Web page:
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1.
Eur Spine J ; 2022 Jan 16.
Artigo em Inglês | MEDLINE | ID: mdl-35034162

RESUMO

PURPOSE: There is a paucity of literature identifying factors that influence the back and neck pain (BNP)-workplace absenteeism relationship. Therefore, this study aimed to investigate the association between BNP and workplace absenteeism and potential mediating variables in a large sample of the US population. METHODS: Nationally representative data collected in 2019 from the RAND American Life Panel (ALP) were used for this retrospective study. Workplace absenteeism was defined as the number of days of absence in the past 12 months for health-related reasons (count variable), while BNP corresponded to the presence of back pain due to spinal stenosis, back pain due to other causes, or neck pain (dichotomous variable). Control variables included sex, age, ethnicity, marital status, education, occupation, annual family income, health insurance, obesity, and diabetes. There were eight influential variables (depression, anxiety, sleep disorder, alcohol dependence, opioid dependence, walking difficulty, standing difficulty, and sitting difficulty). The association between BNP and workplace absenteeism was analyzed using a negative binomial regression model. RESULTS: There were 1,471 adults aged 22-83 years included in this study (52.9% of men; mean [standard deviation] age 44.5 [13.0] years). After adjusting for control variables, BNP was positively and significantly associated with workplace absenteeism (incidence rate ratio = 1.40, 95% confidence interval: 1.07-1.83). Walking, standing, and sitting difficulties individually explained between 24 and 43% of this association. CONCLUSIONS: Workplace interventions focusing on the management of BNP and overcoming difficulties in walking, standing, and sitting, potentially utilizing exercise, therapy, and ergonomic interventions, may prevent absenteeism.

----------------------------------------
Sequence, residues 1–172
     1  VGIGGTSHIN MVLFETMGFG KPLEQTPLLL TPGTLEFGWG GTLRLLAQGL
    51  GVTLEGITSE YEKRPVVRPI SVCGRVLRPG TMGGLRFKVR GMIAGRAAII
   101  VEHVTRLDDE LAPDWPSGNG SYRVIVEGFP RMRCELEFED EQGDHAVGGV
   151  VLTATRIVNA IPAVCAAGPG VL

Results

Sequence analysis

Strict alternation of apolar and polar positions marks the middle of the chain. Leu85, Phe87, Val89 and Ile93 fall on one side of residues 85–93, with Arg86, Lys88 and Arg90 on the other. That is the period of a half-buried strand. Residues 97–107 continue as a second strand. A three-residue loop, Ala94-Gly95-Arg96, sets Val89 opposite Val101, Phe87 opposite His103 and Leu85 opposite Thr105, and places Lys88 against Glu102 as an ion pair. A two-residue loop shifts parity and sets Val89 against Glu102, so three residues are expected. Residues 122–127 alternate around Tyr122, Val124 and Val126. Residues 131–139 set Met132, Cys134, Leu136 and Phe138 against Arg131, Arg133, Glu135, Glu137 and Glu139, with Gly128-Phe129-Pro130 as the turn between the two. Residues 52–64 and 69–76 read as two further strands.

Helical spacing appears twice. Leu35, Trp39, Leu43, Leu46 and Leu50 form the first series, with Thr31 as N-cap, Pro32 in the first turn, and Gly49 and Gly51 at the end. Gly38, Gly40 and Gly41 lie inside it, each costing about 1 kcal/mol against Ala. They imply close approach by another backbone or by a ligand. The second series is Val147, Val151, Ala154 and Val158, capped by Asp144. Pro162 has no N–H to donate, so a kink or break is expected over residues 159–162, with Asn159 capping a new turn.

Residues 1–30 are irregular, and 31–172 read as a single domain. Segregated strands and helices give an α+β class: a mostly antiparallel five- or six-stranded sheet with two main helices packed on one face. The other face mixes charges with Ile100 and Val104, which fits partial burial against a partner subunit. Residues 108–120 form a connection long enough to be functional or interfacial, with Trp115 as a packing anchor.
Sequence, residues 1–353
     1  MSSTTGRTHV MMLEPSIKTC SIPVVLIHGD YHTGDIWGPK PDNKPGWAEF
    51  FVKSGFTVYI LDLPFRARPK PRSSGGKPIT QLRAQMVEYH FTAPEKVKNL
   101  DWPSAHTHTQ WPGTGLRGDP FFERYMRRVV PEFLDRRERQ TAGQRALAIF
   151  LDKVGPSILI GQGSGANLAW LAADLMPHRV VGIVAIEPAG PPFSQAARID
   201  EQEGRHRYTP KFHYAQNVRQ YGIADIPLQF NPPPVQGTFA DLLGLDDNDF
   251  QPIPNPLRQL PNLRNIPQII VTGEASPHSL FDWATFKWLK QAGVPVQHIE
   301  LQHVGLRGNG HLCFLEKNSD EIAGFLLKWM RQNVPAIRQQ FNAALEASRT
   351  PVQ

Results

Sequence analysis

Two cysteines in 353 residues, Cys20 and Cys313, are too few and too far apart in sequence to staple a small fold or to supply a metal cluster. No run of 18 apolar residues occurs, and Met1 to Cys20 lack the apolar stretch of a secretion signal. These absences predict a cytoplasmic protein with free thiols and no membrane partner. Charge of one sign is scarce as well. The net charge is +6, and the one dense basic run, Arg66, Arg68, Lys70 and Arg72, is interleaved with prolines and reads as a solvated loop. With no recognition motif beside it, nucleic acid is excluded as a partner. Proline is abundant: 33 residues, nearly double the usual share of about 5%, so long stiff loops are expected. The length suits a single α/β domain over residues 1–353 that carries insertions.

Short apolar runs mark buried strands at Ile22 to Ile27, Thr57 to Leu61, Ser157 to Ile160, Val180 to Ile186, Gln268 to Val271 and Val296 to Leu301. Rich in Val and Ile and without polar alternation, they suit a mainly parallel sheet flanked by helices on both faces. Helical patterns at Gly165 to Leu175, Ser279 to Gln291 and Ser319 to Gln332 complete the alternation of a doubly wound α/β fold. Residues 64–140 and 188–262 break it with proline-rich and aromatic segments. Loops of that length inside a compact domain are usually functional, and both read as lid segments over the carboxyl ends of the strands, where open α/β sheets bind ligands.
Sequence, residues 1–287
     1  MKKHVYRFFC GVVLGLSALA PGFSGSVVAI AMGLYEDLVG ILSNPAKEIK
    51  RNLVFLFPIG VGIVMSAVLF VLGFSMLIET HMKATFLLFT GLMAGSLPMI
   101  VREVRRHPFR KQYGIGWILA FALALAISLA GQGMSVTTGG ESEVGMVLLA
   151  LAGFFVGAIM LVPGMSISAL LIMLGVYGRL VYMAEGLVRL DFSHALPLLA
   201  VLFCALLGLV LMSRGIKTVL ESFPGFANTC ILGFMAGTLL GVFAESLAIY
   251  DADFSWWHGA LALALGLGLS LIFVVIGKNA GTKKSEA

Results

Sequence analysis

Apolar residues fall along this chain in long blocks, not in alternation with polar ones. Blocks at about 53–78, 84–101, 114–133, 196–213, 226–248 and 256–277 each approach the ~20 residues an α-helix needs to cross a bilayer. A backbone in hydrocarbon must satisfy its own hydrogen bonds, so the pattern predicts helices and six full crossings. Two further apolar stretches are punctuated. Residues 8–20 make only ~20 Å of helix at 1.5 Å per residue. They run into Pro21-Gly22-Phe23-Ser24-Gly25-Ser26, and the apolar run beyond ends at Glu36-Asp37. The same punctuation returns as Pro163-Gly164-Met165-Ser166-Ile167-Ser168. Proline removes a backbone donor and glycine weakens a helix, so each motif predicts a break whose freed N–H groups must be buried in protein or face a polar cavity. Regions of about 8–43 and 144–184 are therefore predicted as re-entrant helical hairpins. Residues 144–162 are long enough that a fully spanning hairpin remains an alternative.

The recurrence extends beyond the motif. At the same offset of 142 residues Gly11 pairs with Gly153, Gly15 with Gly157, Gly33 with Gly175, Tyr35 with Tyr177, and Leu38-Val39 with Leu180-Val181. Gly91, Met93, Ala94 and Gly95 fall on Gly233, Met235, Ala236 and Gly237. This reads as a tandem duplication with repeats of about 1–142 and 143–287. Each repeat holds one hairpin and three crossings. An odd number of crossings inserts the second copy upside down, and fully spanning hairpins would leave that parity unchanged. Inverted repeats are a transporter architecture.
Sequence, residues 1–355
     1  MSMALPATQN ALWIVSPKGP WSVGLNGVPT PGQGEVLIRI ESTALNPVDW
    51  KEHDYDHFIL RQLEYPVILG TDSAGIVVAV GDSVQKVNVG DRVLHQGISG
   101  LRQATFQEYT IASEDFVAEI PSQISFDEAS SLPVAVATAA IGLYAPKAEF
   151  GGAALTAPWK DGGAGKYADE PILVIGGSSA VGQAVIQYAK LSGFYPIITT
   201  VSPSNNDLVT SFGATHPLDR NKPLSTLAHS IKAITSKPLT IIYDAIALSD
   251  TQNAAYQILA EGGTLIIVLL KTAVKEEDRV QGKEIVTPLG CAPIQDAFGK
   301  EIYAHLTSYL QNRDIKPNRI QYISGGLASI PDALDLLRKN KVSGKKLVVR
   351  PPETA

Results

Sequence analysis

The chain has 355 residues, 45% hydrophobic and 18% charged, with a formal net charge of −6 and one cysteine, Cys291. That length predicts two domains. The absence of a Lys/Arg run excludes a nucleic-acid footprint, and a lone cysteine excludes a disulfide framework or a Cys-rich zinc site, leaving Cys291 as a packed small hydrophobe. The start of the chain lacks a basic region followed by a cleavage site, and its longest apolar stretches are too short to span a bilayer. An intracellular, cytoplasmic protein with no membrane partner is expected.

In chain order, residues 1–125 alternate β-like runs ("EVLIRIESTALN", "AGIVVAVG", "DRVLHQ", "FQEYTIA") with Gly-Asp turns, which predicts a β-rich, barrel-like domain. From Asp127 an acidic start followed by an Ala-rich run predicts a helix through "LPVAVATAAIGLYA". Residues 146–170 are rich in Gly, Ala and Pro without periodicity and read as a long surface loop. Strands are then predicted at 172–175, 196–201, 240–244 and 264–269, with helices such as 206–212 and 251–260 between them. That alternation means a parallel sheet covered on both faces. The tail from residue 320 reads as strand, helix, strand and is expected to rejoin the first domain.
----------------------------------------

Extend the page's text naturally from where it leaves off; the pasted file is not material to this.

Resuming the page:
2.
Aging Clin Exp Res ; 2022 Jan 05.
Artigo em Inglês | MEDLINE | ID: mdl-34985716

RESUMO